|Main Camera||16MP 4608 x 3456
Phase Detection Auto Focus
Optical Image Stabilization
Dual LED Dual tone flash
1080p FHD video at 60 frames per second
720p HD slo-mo at 120 frames per second slo-mo
|Secondary Camera||8MP 3264 x 2448
|Storage||3GB RAM/32GB internal storage
4GB RAM/64GB internal storage
Up to 128GB microSD
Dual band wifi
Ambient Light Sensor
|Endurance||54% power drain after an hour each of:
Continuous video recording
Continuous video streaming
|Antutu 6 Score||83944|
|Loudspeaker Loudness||71 decibels (Average)|
A double knock on the display captures a screen grab and a double knock with 2 knuckles initiates a screen recording which I found slightly scary for you need a fair amount of force to activate these features.
You can also crop a section of the display with your knuckle and again a decent amount of force is required to activate it which is also plenty scary.
And the knuckle gestures keep coming with the ability to launch applications from any screen using your knuckles.
- C launches the camera
- e launches the email
- W launches the weather app
- M launches the music
If you happen to misplace your device the Huawei has a feature that you can call the device with a “Okay Emy” and if it is in ‘hearing’ range it will notify you where it is by flashing the flashlight and loudly yelling “I’m Here!”
In A Nutshell
+ Very vibrant display with rich punchy colours.
+ Excellent battery life.
+ Very clear and rich audio from the loudspeaker as well as clear audio output from headphones.
+ Properly powerful CPU providing hiccup free multitasking.
+ Solid connectivity package.
+ Build quality and design is worthy of the premium status.
+ Fast and accurate fingerprint scanner capable of reading your print at any orientation.
+ Light painting and time-lapse are a creative mind’s dream.
– Main camera was not flagship grade especially in the still images department.
– The body is very slippery without a case.
– Lack of a 4K Ultra High Definition video recording mode.
– Display could be sharper as the competition already uses sharper displays on smaller screen dimensions.
The Huawei Mate 8 has capable cutting edge hardware to easily make it the best of the best, but a few shortcomings removed some marks to what seemed a phenomenal device. But this is a 2015 flagship and on November 3rd 2016 Huawei launched the successor to the Mate 8 which comes in two variants. A Mate 9 and a Limited Edition Mate 9 Porsche Design.
From the launch the Mate 9 duo want to cause just as much smartphone unrest as the Mate 8 did with the theme “Born Fast, Stay Fast”.
The Huawei Mate 9 duo’s feature list is as follows:
- 5.9 inch Full HD (1080 x 1920) IPS LCD display/5.5 inch Quad HD (2160 x 1440) Dual Curved AMOLED display for the Porsche Design
- HiSilicon Kirin 960 octa core CPU ticking at 2.4GHz
- Mali-G71 MP8 GPU (which is more powerful than the Mali-T880 MP12 in the Exynos powered Samsung Galaxy S7 and 180% more powerful than the Mate 8. Still waiting on synthetic benchmarks to confirm.)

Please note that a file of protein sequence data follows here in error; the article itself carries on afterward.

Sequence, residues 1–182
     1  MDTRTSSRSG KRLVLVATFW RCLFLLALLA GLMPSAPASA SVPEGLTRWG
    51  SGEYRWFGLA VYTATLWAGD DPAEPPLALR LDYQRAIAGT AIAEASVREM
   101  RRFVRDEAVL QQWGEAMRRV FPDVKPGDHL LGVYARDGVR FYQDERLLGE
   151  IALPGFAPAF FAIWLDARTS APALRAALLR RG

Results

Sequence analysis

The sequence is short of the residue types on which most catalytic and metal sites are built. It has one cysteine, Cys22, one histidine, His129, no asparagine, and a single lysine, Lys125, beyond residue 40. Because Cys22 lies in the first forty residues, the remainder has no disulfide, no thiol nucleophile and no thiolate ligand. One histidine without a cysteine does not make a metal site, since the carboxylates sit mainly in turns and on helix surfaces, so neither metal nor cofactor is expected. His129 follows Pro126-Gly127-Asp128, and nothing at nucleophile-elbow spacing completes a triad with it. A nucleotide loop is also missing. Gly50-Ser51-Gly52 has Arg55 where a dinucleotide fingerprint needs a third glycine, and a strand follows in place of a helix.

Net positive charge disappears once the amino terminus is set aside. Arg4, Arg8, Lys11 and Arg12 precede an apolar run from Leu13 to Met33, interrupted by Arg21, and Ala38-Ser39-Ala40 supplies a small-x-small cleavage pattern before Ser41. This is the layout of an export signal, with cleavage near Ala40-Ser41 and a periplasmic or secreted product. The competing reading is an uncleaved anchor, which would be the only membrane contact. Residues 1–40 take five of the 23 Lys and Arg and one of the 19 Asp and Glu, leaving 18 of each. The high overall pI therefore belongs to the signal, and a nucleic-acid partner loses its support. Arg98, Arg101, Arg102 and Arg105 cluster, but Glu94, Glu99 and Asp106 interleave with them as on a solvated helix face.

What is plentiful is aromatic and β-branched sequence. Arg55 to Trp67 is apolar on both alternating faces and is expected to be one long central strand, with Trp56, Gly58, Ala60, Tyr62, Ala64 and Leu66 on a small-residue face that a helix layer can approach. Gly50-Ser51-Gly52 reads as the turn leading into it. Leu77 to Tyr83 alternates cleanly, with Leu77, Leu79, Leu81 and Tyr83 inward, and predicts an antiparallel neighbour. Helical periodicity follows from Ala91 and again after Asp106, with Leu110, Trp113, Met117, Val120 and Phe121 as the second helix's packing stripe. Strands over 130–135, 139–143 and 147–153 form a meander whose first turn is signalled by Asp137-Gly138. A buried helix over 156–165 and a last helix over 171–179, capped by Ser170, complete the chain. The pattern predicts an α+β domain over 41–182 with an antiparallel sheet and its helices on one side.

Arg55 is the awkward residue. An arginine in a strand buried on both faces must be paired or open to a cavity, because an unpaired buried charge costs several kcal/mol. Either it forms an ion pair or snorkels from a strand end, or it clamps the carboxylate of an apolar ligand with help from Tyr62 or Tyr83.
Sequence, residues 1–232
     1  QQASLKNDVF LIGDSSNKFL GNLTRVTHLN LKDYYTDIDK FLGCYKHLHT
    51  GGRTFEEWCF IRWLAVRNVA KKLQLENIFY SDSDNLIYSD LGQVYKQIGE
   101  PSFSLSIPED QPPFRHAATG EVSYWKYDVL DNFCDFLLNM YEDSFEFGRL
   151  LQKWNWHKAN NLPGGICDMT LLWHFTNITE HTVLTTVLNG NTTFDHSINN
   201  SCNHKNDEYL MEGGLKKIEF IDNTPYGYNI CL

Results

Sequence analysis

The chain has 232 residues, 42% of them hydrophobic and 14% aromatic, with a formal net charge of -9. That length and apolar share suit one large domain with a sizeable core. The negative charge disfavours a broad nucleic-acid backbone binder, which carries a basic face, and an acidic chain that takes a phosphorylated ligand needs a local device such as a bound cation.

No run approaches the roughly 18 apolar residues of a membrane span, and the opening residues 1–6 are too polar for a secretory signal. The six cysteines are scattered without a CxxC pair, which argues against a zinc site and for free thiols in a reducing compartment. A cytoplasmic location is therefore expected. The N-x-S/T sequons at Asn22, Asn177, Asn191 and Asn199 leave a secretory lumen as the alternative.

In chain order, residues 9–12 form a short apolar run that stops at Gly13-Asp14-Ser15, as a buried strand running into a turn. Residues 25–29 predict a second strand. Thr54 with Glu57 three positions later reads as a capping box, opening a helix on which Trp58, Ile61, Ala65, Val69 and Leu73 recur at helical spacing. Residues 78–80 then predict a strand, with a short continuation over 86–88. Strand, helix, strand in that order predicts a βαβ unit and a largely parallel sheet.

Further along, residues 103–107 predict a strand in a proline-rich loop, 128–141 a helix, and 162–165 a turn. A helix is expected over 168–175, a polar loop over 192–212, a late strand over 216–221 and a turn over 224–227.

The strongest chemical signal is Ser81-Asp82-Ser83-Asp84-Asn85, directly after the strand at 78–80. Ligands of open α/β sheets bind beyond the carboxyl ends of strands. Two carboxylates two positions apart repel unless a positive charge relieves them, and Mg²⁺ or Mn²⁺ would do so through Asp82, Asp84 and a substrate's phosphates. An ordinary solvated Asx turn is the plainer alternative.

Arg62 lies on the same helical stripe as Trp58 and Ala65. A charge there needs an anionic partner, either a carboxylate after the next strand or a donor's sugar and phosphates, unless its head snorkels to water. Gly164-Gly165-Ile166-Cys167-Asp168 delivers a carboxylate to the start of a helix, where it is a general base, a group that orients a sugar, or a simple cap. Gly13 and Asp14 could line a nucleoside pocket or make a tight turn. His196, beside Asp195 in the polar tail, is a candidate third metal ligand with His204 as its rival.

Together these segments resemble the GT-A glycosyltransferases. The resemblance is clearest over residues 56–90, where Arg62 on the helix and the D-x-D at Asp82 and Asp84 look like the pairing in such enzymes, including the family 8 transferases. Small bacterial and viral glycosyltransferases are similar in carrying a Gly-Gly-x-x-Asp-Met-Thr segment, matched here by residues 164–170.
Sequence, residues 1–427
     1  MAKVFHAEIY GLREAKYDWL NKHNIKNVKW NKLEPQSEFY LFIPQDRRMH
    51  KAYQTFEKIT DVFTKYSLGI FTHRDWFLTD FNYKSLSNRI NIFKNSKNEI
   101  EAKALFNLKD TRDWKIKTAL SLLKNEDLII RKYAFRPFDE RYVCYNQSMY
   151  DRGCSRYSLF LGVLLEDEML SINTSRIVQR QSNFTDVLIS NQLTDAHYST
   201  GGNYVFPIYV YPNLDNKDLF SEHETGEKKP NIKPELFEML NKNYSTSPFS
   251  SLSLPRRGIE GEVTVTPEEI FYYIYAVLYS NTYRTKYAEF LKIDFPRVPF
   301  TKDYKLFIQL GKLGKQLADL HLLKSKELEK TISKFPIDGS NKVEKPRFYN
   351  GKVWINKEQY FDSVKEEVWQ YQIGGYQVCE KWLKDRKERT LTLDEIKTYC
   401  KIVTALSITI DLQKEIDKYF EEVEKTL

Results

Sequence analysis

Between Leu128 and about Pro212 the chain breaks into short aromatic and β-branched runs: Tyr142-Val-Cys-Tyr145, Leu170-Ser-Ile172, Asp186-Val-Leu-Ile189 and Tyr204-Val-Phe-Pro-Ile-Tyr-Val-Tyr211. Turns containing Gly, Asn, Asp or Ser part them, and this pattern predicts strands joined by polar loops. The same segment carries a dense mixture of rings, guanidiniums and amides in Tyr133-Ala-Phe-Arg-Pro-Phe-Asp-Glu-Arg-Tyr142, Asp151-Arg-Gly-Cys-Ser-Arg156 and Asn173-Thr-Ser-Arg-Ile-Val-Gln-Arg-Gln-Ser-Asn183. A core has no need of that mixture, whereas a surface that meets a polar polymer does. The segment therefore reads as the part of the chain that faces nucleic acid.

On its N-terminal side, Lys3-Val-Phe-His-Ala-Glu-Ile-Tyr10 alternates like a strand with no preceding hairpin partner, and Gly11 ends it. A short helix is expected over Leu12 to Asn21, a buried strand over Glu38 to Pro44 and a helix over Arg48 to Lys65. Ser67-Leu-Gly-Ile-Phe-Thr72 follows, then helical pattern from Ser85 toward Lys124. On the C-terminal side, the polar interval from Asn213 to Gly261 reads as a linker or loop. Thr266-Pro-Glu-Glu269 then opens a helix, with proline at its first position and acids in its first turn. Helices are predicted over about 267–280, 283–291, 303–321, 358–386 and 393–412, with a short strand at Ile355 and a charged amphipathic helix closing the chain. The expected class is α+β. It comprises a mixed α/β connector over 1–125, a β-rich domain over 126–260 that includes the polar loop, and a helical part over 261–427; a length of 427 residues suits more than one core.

- Android 7.0 Nougat with EMUI 5.0 on top (Which has some pretty cool tricks I will share in a moment.)
- Leica Summarit branded dual camera (21MP + 12MP) with laser autofocus and 4K Ultra HD video recording enabled.(well better late than never)
- 4GB RAM and 128GB onboard storage/6GB RAM and 256GB onboard storage on the Porsche Design.
- 4000mAh battery with Huawei Supercharge. (Charges up to 50% faster than the Mate 8)
- 4 noise cancelling microphones.
- 4G LTE-Advanced with theoretical downlink speeds of up to 600Mbps.
- 699 Euros for the Mate 9 and a stratospheric 1395 Euros for the Porsche Design.
The Emotion UI 5.0 comes with a machine learning algorithm that analyses applications according to the resources they require and groups them into 3 categories that is RAM, CPU processing power and Storage. This helps in saving system resources and issuing them out to applications that require them making the device perform faster.
Applications with higher priority are given preference for system resources. According to user behaviour and location the Emotion UI gives precedence to applications based on when and where you are. It also has Dynamic Memory Compression where it compresses low priority apps and assigns the extra space to higher priority applications on the fly.
The Mate 9’s graphics department is utilizing a new Vulkan graphics standard that is an upgrade of the Open GL standard and is said to increase graphics performance by 400%!!! compared to the Mate 8. Gamers I did not have a typo moment, that is FOUR HUNDRED PERCENT x3 EXCLAMATION MARKS.
Yesterday Huawei launched the Mate 9 Pro in its home market China and it is basically a Mate 9 Porsche Design with no Porsche Design branding which means it will be quite cheaper than its flamboyant 1395 Euro sibling but maintaining the same hardware.
I cannot wait for Huawei to give me a Mate 9 for a test review. It looks like it wants to address all the qualms I had with the Mate 8. The Mate 8 gave Samsung and Apple a real run for their money. It is as capable as it is beautiful and yes at $620 it comes through with a premium asking price. Then again this is a flagship phablet with all the best hardware the manufacturers had to offer.